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Publication alerts agronomic producers to pesticide risks for pollinators

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Foster_honeybeePollinators such as honeybees sometimes forage on agronomic crops that produce pollen or nectar and can be exposed to harmful pesticides in the process. (Purdue Entomology photo/John Obermeyer) Download image

WEST LAFAYETTE, Ind. – A new publication available from Purdue Extension could help crop producers minimize pesticide risk to pollinator species.

Protecting Pollinators in Agronomic Crop Production, the latest publication in the Protecting Pollinators series, describes some of the risks pollinators may face when pesticides are applied to field crops, such as corn, soybeans or wheat.

“Honeybees don’t necessarily need to be sprayed directly with pesticides to be harmed,” said co-author Rick Foster, entomology professor and Extension integrated pest management specialist. “Honeybees consume pollen, nectar and water to survive, and any of these can be sources of pesticide exposure. Additionally, planting dust or pesticide droplets may be suspended in the air as they fly through it. This publication will help agronomic crop producers to recognize some of the risks associated with pesticide use and reduce some of those harmful side effects.”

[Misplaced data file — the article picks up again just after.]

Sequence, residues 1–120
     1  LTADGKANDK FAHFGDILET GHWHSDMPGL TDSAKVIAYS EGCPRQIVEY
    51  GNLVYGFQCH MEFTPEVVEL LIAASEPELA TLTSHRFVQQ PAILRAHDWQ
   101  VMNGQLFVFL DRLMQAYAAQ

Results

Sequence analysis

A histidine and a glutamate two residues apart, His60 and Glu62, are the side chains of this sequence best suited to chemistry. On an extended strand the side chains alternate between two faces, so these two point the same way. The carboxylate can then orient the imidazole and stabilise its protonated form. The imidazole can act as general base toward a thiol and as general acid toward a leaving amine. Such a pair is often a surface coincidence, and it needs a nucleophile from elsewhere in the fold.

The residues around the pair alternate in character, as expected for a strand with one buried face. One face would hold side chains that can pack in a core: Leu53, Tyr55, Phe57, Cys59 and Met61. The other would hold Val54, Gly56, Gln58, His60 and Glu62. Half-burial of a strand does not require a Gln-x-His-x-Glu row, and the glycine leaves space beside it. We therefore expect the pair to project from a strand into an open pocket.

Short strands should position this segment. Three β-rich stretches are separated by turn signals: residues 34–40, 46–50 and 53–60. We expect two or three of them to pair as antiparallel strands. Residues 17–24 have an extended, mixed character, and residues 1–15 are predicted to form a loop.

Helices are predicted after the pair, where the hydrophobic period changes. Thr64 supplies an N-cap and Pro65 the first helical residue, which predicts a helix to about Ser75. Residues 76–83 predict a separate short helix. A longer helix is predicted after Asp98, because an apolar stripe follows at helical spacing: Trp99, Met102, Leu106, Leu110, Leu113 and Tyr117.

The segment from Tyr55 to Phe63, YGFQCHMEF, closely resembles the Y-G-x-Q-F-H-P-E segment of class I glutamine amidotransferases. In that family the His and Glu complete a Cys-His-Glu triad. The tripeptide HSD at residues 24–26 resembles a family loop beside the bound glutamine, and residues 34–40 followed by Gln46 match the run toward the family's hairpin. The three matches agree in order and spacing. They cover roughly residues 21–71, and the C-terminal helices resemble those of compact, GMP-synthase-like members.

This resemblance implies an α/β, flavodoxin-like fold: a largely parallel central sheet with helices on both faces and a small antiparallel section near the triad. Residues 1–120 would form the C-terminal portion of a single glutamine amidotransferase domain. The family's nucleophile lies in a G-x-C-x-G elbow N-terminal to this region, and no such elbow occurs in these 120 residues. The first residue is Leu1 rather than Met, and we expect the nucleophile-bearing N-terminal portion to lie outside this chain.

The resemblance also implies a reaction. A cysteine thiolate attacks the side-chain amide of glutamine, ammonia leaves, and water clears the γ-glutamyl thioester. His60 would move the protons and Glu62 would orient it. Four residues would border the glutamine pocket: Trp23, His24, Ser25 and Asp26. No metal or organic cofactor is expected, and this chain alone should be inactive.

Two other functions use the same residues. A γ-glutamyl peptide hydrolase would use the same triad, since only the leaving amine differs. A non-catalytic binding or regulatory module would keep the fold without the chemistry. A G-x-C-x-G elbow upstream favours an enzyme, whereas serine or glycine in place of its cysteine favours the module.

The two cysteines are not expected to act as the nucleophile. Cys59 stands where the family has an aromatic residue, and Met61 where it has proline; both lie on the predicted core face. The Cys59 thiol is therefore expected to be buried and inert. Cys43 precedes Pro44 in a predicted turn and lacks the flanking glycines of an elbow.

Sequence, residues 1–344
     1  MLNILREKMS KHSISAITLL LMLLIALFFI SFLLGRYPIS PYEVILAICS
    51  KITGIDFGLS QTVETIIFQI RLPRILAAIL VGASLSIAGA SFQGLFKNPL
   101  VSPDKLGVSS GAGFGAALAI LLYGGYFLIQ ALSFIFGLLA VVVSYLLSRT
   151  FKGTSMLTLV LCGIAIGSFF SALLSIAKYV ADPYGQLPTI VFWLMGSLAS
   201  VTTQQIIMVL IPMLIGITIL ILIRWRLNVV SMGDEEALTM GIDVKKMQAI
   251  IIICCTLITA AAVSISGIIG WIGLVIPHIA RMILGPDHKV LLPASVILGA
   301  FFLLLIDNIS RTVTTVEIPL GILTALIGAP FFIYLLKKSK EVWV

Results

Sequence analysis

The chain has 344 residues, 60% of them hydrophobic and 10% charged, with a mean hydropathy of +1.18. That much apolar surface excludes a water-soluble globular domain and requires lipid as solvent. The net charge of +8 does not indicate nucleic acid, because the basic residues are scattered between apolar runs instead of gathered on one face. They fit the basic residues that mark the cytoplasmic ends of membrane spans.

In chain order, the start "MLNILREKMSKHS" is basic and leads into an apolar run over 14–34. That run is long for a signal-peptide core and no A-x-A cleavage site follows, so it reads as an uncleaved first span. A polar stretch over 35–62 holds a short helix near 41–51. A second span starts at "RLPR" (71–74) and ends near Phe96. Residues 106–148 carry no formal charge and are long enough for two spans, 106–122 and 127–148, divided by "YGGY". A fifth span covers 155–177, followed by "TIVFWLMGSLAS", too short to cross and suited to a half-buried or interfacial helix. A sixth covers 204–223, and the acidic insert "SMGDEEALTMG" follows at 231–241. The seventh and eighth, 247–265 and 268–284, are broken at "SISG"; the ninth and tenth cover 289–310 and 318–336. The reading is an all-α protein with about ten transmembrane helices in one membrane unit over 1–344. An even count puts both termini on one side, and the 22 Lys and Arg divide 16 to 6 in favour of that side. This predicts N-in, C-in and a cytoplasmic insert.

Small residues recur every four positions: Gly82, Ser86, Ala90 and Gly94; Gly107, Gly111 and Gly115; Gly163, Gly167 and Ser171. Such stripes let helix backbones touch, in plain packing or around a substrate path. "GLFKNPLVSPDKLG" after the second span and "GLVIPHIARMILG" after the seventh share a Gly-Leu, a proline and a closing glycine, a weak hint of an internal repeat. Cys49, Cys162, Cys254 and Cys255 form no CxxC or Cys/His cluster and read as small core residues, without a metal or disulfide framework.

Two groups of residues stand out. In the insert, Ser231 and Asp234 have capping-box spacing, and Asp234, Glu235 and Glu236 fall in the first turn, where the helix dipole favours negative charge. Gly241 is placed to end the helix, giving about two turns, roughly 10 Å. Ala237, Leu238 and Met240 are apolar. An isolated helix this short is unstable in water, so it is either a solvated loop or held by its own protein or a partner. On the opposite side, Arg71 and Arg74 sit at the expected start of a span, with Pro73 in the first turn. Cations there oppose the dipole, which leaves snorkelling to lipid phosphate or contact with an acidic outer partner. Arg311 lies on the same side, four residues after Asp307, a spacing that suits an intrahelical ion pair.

Foster co-authored the publication with fellow Purdue entomologists Christian Krupke and Greg Hunt, Purdue Extension educator Michael O’Donnell and Phil Sutton, St. Joseph County Extension director.

The publication includes sections describing why honeybees and other pollinators are important to the agricultural system, ways in which pesticide poisoning may occur, and best management practices to minimize the impact of pesticides, particularly insecticides.

Protecting Pollinators in Agronomic Crop Production is available for free download from Purdue Extension’s The Education Store.

The Protecting Pollinators series is funded by a Purdue Extension Issue-Based Action Team (IBAT) award, and is part of a U.S. Environmental Protection Agency initiative to protect pollinator health across the country. Pollinator species include honeybees as well as flies, butterflies, moths, beetles and hummingbirds.

Three additional publications in the series are currently available as free downloads from The Education Store: Protecting Pollinators in Home Lawns and Landscapes, available at https://mdc.itap.purdue.edu/item.asp?Item_Number=POL-1#; Protecting Pollinators in Fruit and Vegetable Production, available at https://mdc.itap.purdue.edu/item.asp?Item_Number=POL-2#; and Tips for Commercial Agricultural Pesticide Applicators, available at https://mdc.itap.purdue.edu/item.asp?Item_Number=PPP-113#.

For more information, contact Foster at fosterre@purdue.edu.

Writer: Jessica Merzdorf, 765-494-7719, jmerzdor@purdue.edu

Source: Rick Foster, 765-494-9572, fosterre@purdue.edu

Agricultural Communications: (765) 494-8415;
Darrin Pack, dpack@purdue.edu
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